The Preserving American Privacy Act (PAPA) [PDF] bill is meant to protect American's privacy rights from the domestic drones. It has bipartisan support and was introduced by Representatives Zoe Lofgren (D-California) and Ted Poe (R-Texas) to "provide for a legal framework for the operation of public unmanned aircraft systems."
After the leaked Justice Department whitepaper about drones [PDF], Packet Storm wrote, "Drone attacks to be allowed stateside, what can go wrong?" Indeed. And when it comes to President Obama's drone assassination policy, former Vice President Dick Cheney is a big fan. This should speak volumes. In an interview with CBS News's Charlie Rose, Cheney called Obama's armed drone strikes policy a "good program." Rep. Poe and Rep. Lofgren are out to insure that weaponized drones are not used over U.S. soil.
Both Representatives are also concerned about our Constitutional rights and how drones could easily disregard our Fourth Amendment right to be free from unreasonable searches. PAPA would limit warrantless drone use. Rep. Lofgren stated, "The expanded use of drones on U.S. soil raises serious Constitutional and civil liberties issues that Congress needs to address." Rep. Poe added, "Legitimate uses by government and private citizens do occur, but a nosy neighbor or a Big Brother government does not have the right to look into a window without legitimate cause or, in the case of the government, probable cause."
The bill stipulates that government-operated unmanned aircraft systems (UAS) "must obtain a warrant to collect information that can identify individuals in a private area." Among other specifications, the government would have to post a public notice before information can be collected that identify people in public areas. There are exceptions, like for "emergencies" and "border security." Rep. Lofgren has provided a section-by-section break-down [PDF] of the bill.
Before reintroducing the Preserving American Privacy Act, Representative Poe stated, "It doesn't take a constitutional law professor to see why legislation is needed to protect the rights of the American people. The right of a reasonable expectation of privacy is a constitutional right. Any form of snooping or spying, surveillance or eavesdropping goes against the rights that are outlined in the Constitution." A PAPA provision addresses this: "Private UAS cannot capture visual images or sound recordings of individuals engaging in personal activities in certain circumstances in which the individual has a reasonable expectation of privacy."
Representative Poe said:
As we enter this uncharted world of drone technology, Congress must be proactive and establish boundaries for drone use that safeguard the Constitutional rights of Americans. Individuals are rightfully concerned that these new eyes in the sky may threaten their privacy. It is the obligation of Congress to ensure that this does not happen. Just because Big Brother can look into someone's backyard doesn't mean it should. Technology may change, but the Constitution does not.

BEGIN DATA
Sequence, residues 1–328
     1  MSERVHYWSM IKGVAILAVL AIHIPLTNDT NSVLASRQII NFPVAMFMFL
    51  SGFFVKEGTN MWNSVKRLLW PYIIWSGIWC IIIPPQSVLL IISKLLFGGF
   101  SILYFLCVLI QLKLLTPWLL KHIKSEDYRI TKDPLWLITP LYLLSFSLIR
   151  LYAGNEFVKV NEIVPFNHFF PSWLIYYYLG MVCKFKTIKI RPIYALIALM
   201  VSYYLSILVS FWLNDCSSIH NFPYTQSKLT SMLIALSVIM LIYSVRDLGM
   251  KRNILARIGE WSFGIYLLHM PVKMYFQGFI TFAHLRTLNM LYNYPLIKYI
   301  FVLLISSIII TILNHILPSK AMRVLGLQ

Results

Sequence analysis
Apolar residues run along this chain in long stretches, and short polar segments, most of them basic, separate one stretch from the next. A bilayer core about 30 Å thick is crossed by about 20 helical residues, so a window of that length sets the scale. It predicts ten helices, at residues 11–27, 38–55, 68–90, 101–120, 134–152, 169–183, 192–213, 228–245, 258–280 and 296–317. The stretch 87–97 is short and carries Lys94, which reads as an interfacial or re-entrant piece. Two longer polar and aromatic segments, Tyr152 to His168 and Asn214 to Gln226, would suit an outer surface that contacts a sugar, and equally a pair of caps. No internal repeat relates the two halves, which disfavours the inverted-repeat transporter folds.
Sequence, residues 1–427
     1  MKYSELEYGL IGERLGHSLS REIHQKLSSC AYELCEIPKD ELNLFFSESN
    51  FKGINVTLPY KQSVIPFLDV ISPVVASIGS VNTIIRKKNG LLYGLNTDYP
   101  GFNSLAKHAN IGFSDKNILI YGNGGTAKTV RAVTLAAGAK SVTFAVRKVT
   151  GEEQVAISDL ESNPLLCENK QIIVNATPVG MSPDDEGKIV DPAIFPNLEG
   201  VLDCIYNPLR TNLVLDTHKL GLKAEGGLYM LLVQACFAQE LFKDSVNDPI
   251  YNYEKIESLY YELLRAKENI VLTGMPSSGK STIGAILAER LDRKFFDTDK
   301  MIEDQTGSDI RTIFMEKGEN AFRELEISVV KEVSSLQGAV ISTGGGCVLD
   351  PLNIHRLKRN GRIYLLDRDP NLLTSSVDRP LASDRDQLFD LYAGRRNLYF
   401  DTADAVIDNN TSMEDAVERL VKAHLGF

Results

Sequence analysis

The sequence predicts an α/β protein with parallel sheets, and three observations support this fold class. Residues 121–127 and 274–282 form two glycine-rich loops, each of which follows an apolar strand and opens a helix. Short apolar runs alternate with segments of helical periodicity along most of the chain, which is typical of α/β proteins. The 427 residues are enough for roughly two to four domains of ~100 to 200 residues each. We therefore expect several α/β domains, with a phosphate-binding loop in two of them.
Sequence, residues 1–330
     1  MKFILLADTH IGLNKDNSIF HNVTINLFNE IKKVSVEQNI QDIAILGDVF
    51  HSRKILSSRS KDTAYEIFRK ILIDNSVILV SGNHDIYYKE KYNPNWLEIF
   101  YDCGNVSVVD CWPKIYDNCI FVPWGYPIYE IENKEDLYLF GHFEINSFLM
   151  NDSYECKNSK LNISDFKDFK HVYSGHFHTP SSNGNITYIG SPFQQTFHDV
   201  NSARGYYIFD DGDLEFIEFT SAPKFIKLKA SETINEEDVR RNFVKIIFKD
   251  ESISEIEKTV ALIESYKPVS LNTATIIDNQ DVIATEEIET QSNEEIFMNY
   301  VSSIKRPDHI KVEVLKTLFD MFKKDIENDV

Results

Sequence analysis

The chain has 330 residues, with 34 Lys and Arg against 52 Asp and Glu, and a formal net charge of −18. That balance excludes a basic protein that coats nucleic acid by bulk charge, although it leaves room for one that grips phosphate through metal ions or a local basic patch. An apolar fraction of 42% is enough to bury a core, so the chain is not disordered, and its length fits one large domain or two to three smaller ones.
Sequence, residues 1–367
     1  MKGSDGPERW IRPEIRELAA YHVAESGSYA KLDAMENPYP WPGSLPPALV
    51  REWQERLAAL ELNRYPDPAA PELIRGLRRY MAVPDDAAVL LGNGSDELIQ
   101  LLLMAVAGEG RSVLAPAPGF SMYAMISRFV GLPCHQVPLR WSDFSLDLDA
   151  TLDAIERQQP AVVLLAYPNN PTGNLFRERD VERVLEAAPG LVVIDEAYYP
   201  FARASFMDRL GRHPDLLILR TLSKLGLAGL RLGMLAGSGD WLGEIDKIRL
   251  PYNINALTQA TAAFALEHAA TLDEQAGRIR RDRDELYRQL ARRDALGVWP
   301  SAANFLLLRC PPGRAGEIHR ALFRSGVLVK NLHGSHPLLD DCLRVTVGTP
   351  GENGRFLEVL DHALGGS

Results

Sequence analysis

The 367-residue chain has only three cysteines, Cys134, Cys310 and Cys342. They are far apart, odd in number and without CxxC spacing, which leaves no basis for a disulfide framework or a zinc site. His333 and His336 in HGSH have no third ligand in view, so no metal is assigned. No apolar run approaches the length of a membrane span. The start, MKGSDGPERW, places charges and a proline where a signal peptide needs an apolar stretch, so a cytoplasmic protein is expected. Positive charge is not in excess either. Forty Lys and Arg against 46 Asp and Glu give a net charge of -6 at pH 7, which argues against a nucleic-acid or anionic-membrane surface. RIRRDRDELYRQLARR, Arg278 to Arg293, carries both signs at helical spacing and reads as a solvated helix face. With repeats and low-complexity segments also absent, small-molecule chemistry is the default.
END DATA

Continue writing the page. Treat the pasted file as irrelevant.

Last year, regarding another piece of legislation, "Preserving Freedom from Unwarranted Surveillance Act of 2012, Judge Andrew P. Napolitano warned about the "coming use of drones - some as small as golf balls - to watch us, listen to us and record us. Did you consent to the government having that power? Did you consent to the American military spying on Americans in America? I don't know a single person who has, but I know only a few who are complaining."
It's time for us all to raise our voices and be heard because domestic drone surveillance is coming, complete with facial recognition and other invasive capabilities. Some drones are "indestructible" and some are the size of insects. You don't want to smile for the drones as your local cops fly them overhead. "We" did it for SOPA, we can do it again. As Rep. Poe said, "We don't have time to wait until 2030 when there are 30,000 drones in the sky."
Read the Preserving American Privacy Act [PDF].
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Ms. Smith (not her real name) is a freelance writer and programmer with a special and somewhat personal interest in IT privacy and security issues. Smith has a diverse background in information technology, programming, web development, IT consulting, and information security. She focuses on the unique challenges of maintaining privacy and security, both for individuals and enterprises. She has worked as a journalist and has also penned many technical papers and guides covering various technologies. Smith is herself a self-described privacy and security freak.
Smith is an independent contractor and is not affiliated with any vendor that makes or sells information technology.
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